Hamas officials have complained to Egypt that Israel has reneged on a key portion of the recent ceasefire deal, saying that suddenly, Israel is refusing to allow Gaza fishermen to travel five miles from shore, and have trimmed it back to only three, the pre-war level.
Egypt confirmed the complaint, and a separate complaint from Israel about a rocket strike, which appears to have precipitated the sudden fishing restriction. This, in spite of Hamas apparently having nothing to do with the rocket strike, and a Salafist faction called Magles Shoura al-Mujahedeen, a rival of Hamas, claiming credit for it, adding it was designed to embarrass President Obama for funding the Iron Dome system that Israel insists stops most such rockets, but experts say almost certainly doesn’t work.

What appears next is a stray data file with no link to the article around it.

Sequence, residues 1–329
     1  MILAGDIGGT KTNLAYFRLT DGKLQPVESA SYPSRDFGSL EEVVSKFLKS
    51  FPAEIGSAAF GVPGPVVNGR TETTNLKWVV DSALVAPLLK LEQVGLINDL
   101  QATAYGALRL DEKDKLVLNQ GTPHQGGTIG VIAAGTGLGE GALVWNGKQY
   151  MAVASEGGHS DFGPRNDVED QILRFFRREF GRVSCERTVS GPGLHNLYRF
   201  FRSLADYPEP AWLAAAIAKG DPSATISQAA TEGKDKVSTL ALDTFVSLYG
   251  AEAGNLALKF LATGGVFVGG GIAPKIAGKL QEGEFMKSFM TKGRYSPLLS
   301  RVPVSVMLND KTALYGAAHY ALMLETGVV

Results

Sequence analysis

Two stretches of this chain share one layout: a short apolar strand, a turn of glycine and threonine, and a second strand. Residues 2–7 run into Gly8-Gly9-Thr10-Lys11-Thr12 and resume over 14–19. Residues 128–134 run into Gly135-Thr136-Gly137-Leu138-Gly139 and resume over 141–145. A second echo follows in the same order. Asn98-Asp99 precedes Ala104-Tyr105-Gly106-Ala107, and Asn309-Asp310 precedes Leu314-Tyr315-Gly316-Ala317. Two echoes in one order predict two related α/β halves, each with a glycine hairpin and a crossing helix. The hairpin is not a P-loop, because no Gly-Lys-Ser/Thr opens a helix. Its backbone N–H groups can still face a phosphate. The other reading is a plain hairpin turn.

A densely populated coastal enclave, Gaza would ideally get a large amount of its food from the sea, but a sandy, polluted shore means that there are few fish in the area immediately around the strip, forcing fishermen to move out to deeper waters.
In late February, Gaza fishermen caught a massive number of devil rays in the deeper waters, one of the biggest hauls in years. Fishermen report that now, just three weeks later, most of the fresh fish in Gaza markets was actually smuggling in from Egypt.